By Nancy Schneider, PHEc, M.Sc.
We are always looking for ways to let our children know they are special. Here are a few ideas you can use on Valentines or throughout February.
- Courtesy of kraftfoods.com: Jello Jigglers http://www.kraftrecipes.com/recipes/jell-o-jigglers-53920.aspx
Make red Jello Jigglers and cut into Valentine’s shapes using cookie cutters.
- Pink Pasta
Serve pasta for supper on Valentines, but colour it pink! Put red food colour into the water before you begin boiling the pasta. Cook your pasta as you would normally. The pasta will take on a pink colour yet the taste is not affected.
Why not add red berries to pancakes for a Valentines treat? Or instead of syrup use strawberry or raspberry jam. If you want really special pancakes add some red food colouring. You will have a pink pancake. Finally, instead of round pancakes why not make a heart shape. Start by pouring the batter in an outline of a heart and letting it cook for a moment, then fill in the shape.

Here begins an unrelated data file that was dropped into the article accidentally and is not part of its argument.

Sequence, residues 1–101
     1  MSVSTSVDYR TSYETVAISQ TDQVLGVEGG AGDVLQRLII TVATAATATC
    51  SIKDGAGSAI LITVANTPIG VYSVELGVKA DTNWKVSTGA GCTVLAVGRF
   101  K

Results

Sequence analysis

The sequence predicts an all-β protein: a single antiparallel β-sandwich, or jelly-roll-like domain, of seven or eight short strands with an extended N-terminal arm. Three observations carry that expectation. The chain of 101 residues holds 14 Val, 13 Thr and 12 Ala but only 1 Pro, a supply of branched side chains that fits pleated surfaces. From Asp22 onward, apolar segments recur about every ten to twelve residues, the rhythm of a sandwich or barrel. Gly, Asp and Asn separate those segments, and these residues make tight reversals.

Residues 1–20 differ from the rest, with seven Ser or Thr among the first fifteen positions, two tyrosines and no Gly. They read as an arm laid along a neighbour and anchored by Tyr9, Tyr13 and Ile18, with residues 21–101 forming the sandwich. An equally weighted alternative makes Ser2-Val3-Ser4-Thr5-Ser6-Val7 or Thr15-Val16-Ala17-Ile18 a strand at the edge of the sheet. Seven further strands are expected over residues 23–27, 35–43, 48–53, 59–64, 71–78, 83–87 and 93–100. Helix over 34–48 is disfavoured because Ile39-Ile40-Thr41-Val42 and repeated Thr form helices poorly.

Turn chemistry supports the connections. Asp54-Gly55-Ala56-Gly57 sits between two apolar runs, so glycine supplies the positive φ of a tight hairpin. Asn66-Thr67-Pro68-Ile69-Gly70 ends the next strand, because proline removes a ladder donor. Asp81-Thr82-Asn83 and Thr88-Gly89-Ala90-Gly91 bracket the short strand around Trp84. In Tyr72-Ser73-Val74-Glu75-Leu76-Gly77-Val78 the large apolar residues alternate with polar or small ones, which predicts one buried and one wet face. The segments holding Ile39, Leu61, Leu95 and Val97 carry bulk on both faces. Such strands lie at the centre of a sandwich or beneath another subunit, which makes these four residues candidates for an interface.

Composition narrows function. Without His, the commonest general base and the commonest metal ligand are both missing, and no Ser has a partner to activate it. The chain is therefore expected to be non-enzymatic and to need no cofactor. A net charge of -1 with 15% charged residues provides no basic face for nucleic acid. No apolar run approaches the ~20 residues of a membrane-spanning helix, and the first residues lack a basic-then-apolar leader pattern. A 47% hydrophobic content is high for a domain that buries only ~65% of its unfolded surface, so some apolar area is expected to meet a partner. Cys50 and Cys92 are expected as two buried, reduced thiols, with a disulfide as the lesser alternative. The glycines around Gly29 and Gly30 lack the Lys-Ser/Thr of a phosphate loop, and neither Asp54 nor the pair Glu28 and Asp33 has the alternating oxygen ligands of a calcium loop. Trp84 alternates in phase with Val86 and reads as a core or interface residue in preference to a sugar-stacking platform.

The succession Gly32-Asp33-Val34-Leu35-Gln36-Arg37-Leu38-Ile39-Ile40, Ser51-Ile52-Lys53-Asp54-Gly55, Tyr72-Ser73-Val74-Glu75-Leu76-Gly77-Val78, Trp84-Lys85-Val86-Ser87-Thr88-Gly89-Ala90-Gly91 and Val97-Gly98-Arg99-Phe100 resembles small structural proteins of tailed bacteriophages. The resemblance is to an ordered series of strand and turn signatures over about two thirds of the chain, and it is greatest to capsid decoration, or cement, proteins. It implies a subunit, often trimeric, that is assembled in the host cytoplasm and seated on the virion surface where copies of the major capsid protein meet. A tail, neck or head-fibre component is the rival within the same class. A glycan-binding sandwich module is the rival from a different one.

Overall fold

Cut the morning toast (or a lunch sandwich) into a heart or lips. You can use a cookie cutter or one of the specialty bread cutters that come in heart shape. You can use red fruit spread to make it even more special.
- Put a special note in your child’s lunch box. You can write your know on red or pink paper or even cut regular paper into the shape of a heart.
- If you usually send a serviette with your child’s lunch, why not send a valentine’s one. You can pick up seasonal serviettes at most stores or use plain or patterned red serviettes and cut them into a heart shape. Something so simple will let your child know you were thinking of them. You could even write your message on the serviette.
- Don’t forget the lunch bag itself. You can put a sticker on the box, or if it is a paper bag you can draw a heart or put their name on using a red pen.
Finally, remember to give a big hug and say, “I love you”.
Nancy is a Professional Home Economist and has held management, administrative, and instructional appointments with the University of Manitoba. Her educational background includes child development, communication, human resources, and management. She has experience working with pre-schoolers and their families, university students, as well as adult learners.